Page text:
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BOFH: You can take our lives, but you'll never take OUR MACROS

Never mind the blood, Mr Beancounter: MAGIC BEANS!

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Episode 6

"...And I can't seem to import all of the data I need," the user explains.

"And you're importing into Excel from what... a CSV file?" the PFY asks.

"Yes."

"And the import fails?"

"I just stops. It says something about resources."

"So perhaps you should get rid of some of the data in the spreadsheet?"

"It's an almost empty spreadsheet. All it has is about eight macros and a three extra tabs which are used by the macros."

"So it's probably the data then..."

"But I import the same data every month."

"What data?"

"Just the financials data."

"What, like monthly General Ledger summaries, etc?"

"No, the transactions."

"For accounts receivable, accounts payable or something?"

"For AR, AP as well as GL, Fixed Assets..."

"So pretty much all transactions?" the PFY asks.

"Yes."

"For that month?"

"No, just for the tax withholding period."

"So you're replicating the entire financials system for what, 7 YEARS? Or is it 10?"

"I'm just exporting the transactions!"

"Yes, that's what the financials system is. Transactions."

"Well, Anyway, I do 11 years - just to be safe".

"Into Excel?"

"Yes."

"So that's most likely your problem. Too much data."

"But it's been working up until now!"

"Yes, because now you've gone over some limit. How long does the export take?"

"I don't know, I just set it going before I go home."

"Why the hell would you need all the data?"

"I like to be able to plot trends."

"ELEVEN YEARS ISN'T A BLOODY TREND!"

"It is if I wanted to know what the average sales per annum is over the last 11 years. I use it to make graphs."

"So why don't you have a separate spreadsheet with 2003, 2004, etc. to 2014. Then you'd only need to export this year's data."

"Our financial calendar is July to July."

"So label it by the financial period."

"I do - it's in one of the macros. I do a left substring on the date in a macro and move everything with a year and month before July into the previous year's tab, and everything with a year and a month after July into an..."

"Sorry, I think I just slipped into a coma, but I'm back now. Save previous years' data in separated spreadsheets."

"I can't - we don't close off the financial years immediately."

"You don't close them off for 10 years."

"No, but it's possible that we might find a historic transaction that would affect the numbers."

"And, in the event that this happened - an event with a probability in the same far-fetched region as the SETI program ever hearing something or intelligent life being found in Luton, you could just reimport that one year's spreadsheet."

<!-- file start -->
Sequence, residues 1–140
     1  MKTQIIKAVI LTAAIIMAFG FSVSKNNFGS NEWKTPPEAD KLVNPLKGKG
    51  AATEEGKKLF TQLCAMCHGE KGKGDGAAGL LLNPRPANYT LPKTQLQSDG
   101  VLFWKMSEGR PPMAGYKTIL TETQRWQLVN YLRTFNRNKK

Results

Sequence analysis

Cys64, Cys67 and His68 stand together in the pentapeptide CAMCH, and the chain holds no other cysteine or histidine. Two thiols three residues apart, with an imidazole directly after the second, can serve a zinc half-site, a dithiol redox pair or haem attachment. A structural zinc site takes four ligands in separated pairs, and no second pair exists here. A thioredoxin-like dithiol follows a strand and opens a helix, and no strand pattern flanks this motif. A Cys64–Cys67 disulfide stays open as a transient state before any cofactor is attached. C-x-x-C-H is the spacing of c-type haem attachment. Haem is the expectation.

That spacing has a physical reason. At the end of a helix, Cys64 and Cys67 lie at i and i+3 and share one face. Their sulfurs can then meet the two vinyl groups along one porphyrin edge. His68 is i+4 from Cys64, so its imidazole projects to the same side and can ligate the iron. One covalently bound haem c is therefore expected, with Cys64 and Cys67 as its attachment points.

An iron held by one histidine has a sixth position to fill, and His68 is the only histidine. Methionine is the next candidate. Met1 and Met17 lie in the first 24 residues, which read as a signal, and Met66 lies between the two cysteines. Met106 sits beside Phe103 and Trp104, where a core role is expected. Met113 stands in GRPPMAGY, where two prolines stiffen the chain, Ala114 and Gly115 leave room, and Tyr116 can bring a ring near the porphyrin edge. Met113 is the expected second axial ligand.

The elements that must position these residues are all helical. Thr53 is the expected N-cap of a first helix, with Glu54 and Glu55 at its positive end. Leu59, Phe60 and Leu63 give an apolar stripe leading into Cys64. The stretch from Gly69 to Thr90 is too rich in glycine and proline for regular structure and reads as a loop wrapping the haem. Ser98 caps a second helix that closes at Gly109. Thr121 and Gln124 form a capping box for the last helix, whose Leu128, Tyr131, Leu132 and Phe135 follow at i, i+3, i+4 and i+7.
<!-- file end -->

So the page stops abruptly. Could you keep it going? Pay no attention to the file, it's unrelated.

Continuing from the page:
"But that number might affect all subsequent spreadsheets!"

"Reimport them!"

"But my macro does this all autom..."

"That's what it's about isn't it - your macro?" the PFY asks insightfully."

"I don't follow."

"Bloody beancounters," the PFY says. "You'd write email in excel if you could figure out how to do it in a font you like.

"I hardly think that's a deserved comm..."

"Okay, TELL ME you don't have a spreadsheet at home with all your DVDs and CDs in it which orders them by some star rating, the price you paid for them, where you bought them, who referred you to it, what else they referred you to, a convoluted SUM function to tell you the total cost of them all and then an algorithm to tell you their current value, based upon rarity, purchase price, depreciation and movements in the US dollar."

"I need a record for insurance purposes!"

"And what about the macro that tells you when you last watched/listened to them?"

"How did you know about that?"

"I didn't - I just said the saddest thing I could think of. No, wait, a movie rating algorithm based on a weighted calculation of... uh.. guns, fast cars, tits... and... uuuuhm... people getting dropped into helicopter blades."

"It's a more accurate method than R ratings!!"

"So's the bloke at the video shop!"

"Look, this isn't getting my data imported," he snaps, getting back to the point.

"Because you can't import it," I say. "You've run into one of Excel's many limitations."

"The main limitation being that it has an inbuilt stupidity limiter," the PFY explains. "When the data reaches a certain point, the stupidity limiter kicks in and you have to do it a proper way."

"Like learning SQL and using that," I add. "Or using the database's reporting system. Or a third-party reporting system which talks to the database."

"Perhaps you could use Access?" the PFY suggests.

"Access?" he asks, no doubt in similar tones to those used to say the words "Musket?" and "Shiny beads?" in the founding years of the Empire.

"Yes. It's a Microsoft product. It's a database. You could import all the data into that and then talk to that with Excel."

"So I could still use my macro and make graphs?"

"Sure."

Sometimes, just briefly, my conscience pricks me. But then I suffocate it and bury the corpse deep in my subconscious where no one goes. Sure, I'll have to do it again next week, when we have the SQL Server lite conversation, but for now, I'm at peace...

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